Also, Democrats are planning a Jan Judy for U.S. Senate fundraiser Oct. 19, from 5:30 to 8 p.m. at Henri's in Eureka Springs.
A non-partisan meet-the-candidates night sponsored by the Holiday Island Homeowners association was scheduled for Friday Oct. 18, at the clubhouse at 7 p.m.
In Green Forest, members of the Green Thumb Garden Club will be hosting a political forum at 1:30 p.m., Wednesday, Oct. 20, at the Green Forest Library.
Meanwhile, the rallies that have already been held featured speakers who stressed the importance of getting people to the polls as one of the top priorities remaining before the election.
At the Republican rally, County judge candidate Richard Williams stressed that it was perceived by some that he was against the county jail and against the airport operations, which he said is false.
"What I'm against is the final cost of the jail, and that the financing (and jail tax) was a false representation. It's not what the voters were promised."
He also said that though he had spoken out about the airport operations, he is not against the county airport.
"I'm against the fact that the taxpayers have to subsidize the airport, when it's only logical that it should be able to support itself financially."
As the Republicans hit the campaign trail later on Friday, the Democrats held their second public gathering in two weeks, with the traditional hog roast at Blue John's cabin.
Sheriff Medford was obviously pleased that lawmen from Arkansas and Missouri came out to support him. Benton County Sheriff Keith Ferguson, Marion County Sheriff Carl McBee, Barry County, Mo. Sheriff Mick Epperly, and Missouri County Water Patrol officer Steve Crane talked in support of Medford.
Medford was obviously "tickled" to note that both Sheriffs Ferguson and Epperly were Republicans who crossed the political line to support him.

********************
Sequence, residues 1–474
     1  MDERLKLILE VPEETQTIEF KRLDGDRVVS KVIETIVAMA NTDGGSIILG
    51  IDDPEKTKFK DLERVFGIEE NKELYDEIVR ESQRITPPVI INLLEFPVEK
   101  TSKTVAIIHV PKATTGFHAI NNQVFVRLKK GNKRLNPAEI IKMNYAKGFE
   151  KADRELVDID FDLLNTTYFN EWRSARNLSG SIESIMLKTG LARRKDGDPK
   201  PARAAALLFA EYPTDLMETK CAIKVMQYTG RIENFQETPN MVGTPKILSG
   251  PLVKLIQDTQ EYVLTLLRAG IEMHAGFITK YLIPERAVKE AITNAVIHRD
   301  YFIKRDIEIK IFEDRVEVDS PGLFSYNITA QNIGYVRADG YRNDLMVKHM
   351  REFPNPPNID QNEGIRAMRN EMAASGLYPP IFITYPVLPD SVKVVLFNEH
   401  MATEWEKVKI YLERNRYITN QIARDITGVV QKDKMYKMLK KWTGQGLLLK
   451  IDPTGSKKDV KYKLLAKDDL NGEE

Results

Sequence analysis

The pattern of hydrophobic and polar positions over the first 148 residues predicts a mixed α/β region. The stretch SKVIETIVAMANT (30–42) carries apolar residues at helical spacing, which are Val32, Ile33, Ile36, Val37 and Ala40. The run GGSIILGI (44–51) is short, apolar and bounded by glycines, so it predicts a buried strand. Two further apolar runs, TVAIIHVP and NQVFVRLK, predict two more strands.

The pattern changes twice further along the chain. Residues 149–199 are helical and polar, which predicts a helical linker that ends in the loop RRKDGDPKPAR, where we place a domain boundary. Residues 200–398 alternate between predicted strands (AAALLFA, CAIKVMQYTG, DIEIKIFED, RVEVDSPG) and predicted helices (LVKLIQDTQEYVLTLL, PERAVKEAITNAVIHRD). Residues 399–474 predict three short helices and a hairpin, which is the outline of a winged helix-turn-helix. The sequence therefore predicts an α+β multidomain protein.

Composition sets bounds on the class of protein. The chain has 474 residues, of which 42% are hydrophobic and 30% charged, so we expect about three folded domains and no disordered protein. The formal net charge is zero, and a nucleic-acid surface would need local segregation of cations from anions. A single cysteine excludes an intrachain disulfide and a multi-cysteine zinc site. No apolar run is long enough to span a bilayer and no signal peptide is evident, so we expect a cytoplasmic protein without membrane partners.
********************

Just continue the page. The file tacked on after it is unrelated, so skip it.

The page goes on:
Missouri Officer Crane noted that before Medford became sheriff, there was a virtual "wall" between Carroll County and Missouri, and said that Medford was a major force in getting cooperation and coordination between Missouri and Arkansas law enforcement. Ferguson and Epperly agreed. Republican Sheriff Epperly said, "Chuck gets the job done, and I've asked him for help many times. We need to keep this team together because there is no boundary line when it comes to law enforcement."
Incidentally, it was Ferguson who showed Republican Sheriff's candidate Grudek how he uses his trustees in Benton County. Grudek also said he learned during the tour that more use of reserve deputies would benefit Carroll County, increasing officer patrol and response time and follow-up reports to crime victims.
Medford's rally was the second Democratic rally in two weeks, following a well-attended dinner at the Berryville Fire Station, where the Democrats were able to muster one of Sen. John Kerry's shipmates from the swift boat combat era in Vietnam, which became a significant controversy over whether or not Kerry deserved his medals for being wounded in action and other issues.
Navy Veteran Drew Whitlow of Huntsville said he was on the same boat in Vietnam that Kerry commanded, and said Kerry saved his life during a firefight, contradicting what other swift boat veterans had been saying during the controversy last month.
"Kerry is a humble man," Whitlow said. He didn't have to serve, but he came down and got on our boat. We were a band of brothers. We knew we could trust him, and he could trust us."
Whitlow continued, "I have a real problem as a veteran. We have a group in the (Bush) administration that doesn't know what is going on."
Democratic County Judge candidate Ulys Kay Smith said in a brief comment that many of the people of Carroll County already know him because of the fact that he served eight years on the Quorum Court during County Judge Phil Jackson's tenure. He said one of his heroes was the late Democratic leader Arthur Carter, and promised to work hard to live up to the expectations of the people of Carroll County.
Other contested local races include Democratic challenger J. Carol Carey, running against Republican incumbent Quorum Court JP Joe Mills in District 6; Democrat Reba Stevens running for JP against incumbent Republican Eva Reeve in District 7; Cedar township constable Democrat Eugene Pike, running against Republican Jim Butler; Beaver township constable Democrat David Henderson, running against Republican incumbent Randy Langhover; and incumbent Democratic constable Butch Hanby versus Republican challenger Tommy Altstatt in Prairie township.
Margaret Fancher is running unopposed for the vacant JP position in District 4. Republican Rocky Whitely is running against Democrat Duane Coatney for the vacant position in JP District 2.
In District 1, the vacant JP position is being sought by Republican Harlos "Harley" Barnum and Democrat Robert P. Rizman.
Other JP positions, and incumbents for treasurer, coroner, county clerk, circuit clerk, tax collector and tax assessor are all running unopposed.